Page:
When you paste border on top of your image, you may jiggle the border around.  You can do this by using the Move Tool, which is the icon with the four arrows criss-crossed like a cross on the left side, and adjusting the canvas size (Images > Canvas Size).  You can always crop later, but this gives you a little wiggle room if you need to adjust the sloppy border without it “disappearing” off the canvas.   Now it’s just a matter of massaging this until you like it.  When you’re satisfied, either save this as a PSD file (this is larger because you are saving all your layers, but you can go back later and adjust it more if you wish).  Or you can get rid of the layers by flattening (Layer > Flatten Image).  You can also Save For Web, which will automatically flatten it for you.

Obviously, you can make your photo look antique or have sloppy borders alone, not both.  But you’ve just gotten two tutorials for the price of one.  And considering that the price is free, you’ve really lucked out today.

Featured Photo: iDia de los Muertos!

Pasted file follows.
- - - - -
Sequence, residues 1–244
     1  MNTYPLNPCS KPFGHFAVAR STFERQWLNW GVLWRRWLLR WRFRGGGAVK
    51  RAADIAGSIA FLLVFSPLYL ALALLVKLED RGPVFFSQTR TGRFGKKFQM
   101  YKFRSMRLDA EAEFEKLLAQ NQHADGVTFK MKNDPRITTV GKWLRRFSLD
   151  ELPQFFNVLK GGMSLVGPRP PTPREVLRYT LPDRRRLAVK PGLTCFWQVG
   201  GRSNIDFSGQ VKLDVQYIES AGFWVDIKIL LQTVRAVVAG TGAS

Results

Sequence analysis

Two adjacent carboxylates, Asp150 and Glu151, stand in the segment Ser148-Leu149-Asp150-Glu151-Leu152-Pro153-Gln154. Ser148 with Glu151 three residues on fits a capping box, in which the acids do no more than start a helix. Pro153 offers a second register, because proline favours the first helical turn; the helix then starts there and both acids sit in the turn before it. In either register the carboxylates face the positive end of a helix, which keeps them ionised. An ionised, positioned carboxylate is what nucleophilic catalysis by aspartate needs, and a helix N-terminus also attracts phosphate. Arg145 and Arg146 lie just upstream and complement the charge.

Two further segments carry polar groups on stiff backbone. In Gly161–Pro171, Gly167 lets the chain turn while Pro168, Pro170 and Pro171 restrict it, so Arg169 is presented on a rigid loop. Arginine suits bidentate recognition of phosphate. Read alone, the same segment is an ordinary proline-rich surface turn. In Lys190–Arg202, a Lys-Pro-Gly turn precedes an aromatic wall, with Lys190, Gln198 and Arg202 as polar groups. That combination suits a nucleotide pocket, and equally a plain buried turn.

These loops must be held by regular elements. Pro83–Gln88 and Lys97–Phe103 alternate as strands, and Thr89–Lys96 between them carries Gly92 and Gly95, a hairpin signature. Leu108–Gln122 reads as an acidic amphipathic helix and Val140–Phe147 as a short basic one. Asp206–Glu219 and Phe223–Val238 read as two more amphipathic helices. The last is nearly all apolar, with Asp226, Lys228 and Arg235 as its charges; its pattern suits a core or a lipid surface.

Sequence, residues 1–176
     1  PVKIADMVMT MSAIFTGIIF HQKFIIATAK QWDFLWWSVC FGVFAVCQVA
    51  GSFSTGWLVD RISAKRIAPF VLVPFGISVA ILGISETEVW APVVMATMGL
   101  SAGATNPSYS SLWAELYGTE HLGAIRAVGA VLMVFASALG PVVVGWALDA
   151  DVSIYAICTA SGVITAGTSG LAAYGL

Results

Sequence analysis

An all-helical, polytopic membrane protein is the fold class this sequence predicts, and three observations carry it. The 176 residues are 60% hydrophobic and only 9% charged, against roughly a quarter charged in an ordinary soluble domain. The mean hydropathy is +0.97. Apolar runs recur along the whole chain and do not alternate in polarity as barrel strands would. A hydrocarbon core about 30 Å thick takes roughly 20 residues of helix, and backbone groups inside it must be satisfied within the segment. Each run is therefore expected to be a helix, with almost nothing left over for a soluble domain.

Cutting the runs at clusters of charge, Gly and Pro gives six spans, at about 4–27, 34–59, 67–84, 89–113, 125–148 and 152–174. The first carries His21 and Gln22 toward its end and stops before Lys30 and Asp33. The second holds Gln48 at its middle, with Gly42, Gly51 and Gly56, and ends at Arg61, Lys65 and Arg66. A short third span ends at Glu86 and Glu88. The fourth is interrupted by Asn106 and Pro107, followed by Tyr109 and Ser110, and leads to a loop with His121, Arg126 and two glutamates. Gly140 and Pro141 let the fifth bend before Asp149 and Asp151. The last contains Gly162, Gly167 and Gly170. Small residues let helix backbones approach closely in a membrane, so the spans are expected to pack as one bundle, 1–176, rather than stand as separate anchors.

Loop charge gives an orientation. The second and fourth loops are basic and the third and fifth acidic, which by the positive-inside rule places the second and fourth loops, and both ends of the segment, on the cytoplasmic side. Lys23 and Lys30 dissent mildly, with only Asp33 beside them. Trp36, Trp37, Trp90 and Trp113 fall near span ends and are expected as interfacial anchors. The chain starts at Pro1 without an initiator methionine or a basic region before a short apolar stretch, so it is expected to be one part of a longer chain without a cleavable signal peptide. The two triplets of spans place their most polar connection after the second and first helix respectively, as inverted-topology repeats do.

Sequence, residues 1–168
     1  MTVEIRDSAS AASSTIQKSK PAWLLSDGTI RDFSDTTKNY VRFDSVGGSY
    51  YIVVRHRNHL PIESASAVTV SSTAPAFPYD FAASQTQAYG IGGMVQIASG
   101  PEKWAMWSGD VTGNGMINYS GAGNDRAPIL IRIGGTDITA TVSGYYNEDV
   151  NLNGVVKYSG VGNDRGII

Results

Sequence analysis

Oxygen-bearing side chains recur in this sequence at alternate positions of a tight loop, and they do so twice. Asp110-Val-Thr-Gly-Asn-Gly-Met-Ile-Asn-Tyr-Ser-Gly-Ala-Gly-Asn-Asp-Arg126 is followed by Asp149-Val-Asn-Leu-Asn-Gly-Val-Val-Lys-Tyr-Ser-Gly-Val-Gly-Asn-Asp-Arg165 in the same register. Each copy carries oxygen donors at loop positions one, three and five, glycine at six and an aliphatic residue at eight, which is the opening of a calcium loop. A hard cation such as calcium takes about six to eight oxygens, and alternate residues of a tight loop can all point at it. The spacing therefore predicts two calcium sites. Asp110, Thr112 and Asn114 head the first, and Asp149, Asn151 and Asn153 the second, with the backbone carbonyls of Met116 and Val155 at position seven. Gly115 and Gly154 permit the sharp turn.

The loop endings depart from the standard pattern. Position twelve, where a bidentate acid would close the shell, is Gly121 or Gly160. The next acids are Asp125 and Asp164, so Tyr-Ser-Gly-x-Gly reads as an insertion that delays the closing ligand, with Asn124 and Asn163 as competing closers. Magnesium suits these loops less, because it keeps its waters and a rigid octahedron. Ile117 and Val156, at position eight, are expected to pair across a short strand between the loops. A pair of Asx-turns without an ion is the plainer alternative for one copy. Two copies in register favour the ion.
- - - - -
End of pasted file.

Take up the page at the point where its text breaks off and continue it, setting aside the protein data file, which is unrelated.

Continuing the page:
Woman And Skulls - Dia de los Muertos 2011

Woman And Skulls – Dia de los Muertos 2011

It’s that time of year!! We’re going to kick off our Featured Photo series with a photo taken at Dia de los Muertos (Day of the Dead) in Los Angeles in October 2011!!

I was  moved by the haunting sadness on the woman’s face.  Later, I felt that a vintage, timeless appearance would accentuate the emotion of the image further, so I created an antique look and sloppy borders. In fact, the very next Tip of the Month is a how-to on how this very thing!!!

Equipment used:  Nikon D90 DSLR with a Nikkor 18-200mm VR lens.  I also used a Nikon SB-600 speedlight off-camera (wireless), holding this with my left hand to better illuminate the woman, using it largely as a fill light because she was in the shade.  Photoshop CS4 for processing.  The Tip of the Month for November 2011 is a double-shot how to create an antique look and how to create a sloppy border!